That's Not Enough

You're a madman! Okay - and this is it, I promise! - now go get Indev's MailTags and install it. Be sure to get the latest version, v.1.2.x.

I've talked about MailTags before, but the new version offers the missing link for doing even fairly complex projects with Mail. The new features include the ability to make a Mail message into a task-list item - yes, you read correctly - and it coordinates with the message and tags.

Further, you can have it added to a specific calendar if you wish. Add some meta-tags and other data via MailTags, and your stuff will show up in Spotlight more efficiently. (For the double-whammy - now this is not for you lightweights - install Indev's Mail Act-On and set up rules that will drop it into your project with whatever metadata you want.)

Beyond the Apple Trifecta

Mail, Address Book, and iCal end up being a solid bet for project management. But what do I do when I need more project management capability than the Apple apps can provide?

This is where Entourage really goes awry. Everyone is looking for the "magic bullet" productivity application, and Microsoft puts Entourage up as their "magic bullet" - or at least, they figure if there is no magic bullet, then at least they can give you a big, heavy, complicated-looking gun loaded with regular bullets.

The truth is that there is no magic bullet.

The truth is that there is no magic bullet. The beauty of working productively on the Mac is that there doesn't have to be. Instead, you can collect the small, clean, elegant apps that you like - and that do what you need them to do - and very often watch them integrate in a way that makes Entourage users and others drool. (In a sense, then, you could call OS X the "magic bullet" killer app, since it enables all of this to happen.)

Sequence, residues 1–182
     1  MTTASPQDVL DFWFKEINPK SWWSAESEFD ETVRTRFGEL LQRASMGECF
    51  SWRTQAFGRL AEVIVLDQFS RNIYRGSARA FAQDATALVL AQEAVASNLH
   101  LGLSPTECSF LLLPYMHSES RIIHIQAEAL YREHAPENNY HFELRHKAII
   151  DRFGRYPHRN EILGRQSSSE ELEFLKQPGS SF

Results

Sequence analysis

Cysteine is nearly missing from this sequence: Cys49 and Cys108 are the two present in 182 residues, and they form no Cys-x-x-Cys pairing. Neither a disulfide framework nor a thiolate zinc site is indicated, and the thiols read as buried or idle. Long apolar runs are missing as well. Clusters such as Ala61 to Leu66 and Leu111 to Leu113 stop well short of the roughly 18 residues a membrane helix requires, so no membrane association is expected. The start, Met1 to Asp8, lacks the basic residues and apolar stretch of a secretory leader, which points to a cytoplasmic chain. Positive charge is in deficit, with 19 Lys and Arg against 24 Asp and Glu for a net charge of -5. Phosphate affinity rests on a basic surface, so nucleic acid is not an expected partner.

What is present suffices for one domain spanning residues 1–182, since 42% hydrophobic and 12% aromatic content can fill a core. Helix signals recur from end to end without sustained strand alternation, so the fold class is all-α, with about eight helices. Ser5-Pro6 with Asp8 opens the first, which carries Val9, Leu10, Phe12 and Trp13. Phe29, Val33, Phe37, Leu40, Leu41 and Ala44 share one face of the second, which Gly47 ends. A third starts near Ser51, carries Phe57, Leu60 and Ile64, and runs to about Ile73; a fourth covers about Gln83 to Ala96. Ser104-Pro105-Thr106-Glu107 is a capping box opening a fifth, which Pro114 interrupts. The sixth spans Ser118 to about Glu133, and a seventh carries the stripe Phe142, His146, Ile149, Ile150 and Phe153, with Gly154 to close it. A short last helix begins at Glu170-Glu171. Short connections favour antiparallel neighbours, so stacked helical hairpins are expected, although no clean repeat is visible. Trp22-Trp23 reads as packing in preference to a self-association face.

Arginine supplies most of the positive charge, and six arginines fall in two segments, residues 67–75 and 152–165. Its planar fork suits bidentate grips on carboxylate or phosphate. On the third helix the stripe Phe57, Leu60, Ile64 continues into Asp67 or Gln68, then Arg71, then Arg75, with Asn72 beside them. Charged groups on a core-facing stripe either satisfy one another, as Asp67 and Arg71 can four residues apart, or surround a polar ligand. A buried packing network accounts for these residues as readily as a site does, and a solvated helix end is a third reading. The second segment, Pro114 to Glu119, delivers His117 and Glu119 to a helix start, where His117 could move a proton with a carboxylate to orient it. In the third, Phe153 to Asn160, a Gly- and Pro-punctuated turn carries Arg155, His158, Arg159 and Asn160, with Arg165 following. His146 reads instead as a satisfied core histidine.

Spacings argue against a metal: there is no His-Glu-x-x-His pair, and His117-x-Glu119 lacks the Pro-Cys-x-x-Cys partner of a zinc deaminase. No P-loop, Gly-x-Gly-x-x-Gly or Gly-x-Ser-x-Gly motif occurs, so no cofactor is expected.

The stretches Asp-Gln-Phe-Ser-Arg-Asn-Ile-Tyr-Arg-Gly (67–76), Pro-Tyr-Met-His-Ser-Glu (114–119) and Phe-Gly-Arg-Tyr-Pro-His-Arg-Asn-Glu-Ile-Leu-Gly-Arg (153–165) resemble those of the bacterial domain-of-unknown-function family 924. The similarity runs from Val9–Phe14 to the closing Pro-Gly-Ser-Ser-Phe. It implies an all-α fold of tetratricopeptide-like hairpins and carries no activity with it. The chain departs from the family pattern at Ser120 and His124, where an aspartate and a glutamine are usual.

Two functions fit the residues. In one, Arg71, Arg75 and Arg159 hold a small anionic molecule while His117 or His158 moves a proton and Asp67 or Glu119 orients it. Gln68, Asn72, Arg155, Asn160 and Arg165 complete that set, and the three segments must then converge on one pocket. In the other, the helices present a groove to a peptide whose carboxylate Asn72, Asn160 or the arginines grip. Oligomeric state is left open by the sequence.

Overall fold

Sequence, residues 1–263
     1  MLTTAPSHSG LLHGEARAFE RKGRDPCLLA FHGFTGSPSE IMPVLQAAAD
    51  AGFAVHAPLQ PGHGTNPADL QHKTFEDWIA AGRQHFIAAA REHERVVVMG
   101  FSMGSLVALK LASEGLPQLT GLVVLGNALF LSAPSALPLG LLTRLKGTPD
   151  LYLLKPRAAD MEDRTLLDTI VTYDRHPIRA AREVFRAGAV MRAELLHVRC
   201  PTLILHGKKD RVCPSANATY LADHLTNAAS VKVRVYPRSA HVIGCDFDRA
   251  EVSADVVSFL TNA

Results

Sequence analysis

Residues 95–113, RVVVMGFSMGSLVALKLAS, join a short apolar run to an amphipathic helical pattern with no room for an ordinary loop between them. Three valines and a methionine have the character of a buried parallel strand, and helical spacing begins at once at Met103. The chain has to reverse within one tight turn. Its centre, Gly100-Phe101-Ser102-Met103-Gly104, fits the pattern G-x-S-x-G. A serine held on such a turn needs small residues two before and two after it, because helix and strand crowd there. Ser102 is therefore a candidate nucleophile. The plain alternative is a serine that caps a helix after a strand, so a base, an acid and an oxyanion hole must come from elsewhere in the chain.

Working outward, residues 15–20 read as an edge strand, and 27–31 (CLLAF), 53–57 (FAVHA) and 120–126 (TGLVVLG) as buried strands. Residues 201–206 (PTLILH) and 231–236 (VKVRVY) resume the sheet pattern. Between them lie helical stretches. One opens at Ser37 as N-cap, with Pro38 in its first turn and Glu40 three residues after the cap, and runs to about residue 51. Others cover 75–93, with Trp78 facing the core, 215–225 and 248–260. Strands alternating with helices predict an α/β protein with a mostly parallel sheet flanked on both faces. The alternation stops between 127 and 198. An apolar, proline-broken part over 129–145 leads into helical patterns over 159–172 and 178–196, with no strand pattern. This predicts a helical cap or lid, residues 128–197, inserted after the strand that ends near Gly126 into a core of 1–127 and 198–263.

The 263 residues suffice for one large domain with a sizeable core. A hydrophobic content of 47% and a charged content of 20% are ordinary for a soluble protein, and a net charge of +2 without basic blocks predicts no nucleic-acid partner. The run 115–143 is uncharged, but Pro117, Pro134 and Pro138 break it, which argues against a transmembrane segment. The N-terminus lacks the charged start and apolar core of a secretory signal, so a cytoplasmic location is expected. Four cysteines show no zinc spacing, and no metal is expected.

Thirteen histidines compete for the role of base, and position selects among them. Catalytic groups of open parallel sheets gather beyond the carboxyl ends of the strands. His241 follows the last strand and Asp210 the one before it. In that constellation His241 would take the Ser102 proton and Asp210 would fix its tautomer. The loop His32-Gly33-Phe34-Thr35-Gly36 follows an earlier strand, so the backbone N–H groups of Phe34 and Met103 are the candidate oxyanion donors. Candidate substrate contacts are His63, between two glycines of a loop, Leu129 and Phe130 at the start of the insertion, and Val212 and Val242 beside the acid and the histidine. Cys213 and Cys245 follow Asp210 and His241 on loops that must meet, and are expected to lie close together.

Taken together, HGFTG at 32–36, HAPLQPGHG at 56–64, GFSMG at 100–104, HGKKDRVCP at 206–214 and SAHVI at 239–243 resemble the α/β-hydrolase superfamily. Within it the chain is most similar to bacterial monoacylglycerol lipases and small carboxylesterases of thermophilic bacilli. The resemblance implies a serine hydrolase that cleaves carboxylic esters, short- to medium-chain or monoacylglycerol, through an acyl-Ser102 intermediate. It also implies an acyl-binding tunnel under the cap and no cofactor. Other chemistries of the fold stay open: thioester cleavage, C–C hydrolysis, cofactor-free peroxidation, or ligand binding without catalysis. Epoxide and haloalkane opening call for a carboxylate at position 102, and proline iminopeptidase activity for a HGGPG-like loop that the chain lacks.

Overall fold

So here's where it gets fun: When the projects I'm managing gets bigger than what I've already described, I turn to Ethan Schoonover's Kinkless GTD. Kinkless GTD (or kGTD) is an OmniOutliner Pro template and a set of AppleScripts. That's it. But for the hardworking, productivity-needing efficiency guy what it does is just short of amazing.

Well, okay, it is amazing.

kGTD lets you plan out projects in detail, following (as loosely or rigidly as you'd like) David Allen's Getting Things Done system. While this is a thorough and well-developed productivity system, the gist of it is this: You'll get a lot more done if you can just get all of those things that you think you need to remember into a trusted and accessible system - something you know you can count on - so that you can finally forget them. Then just focus on the next thing; your trusted system will remind you of what's next after that.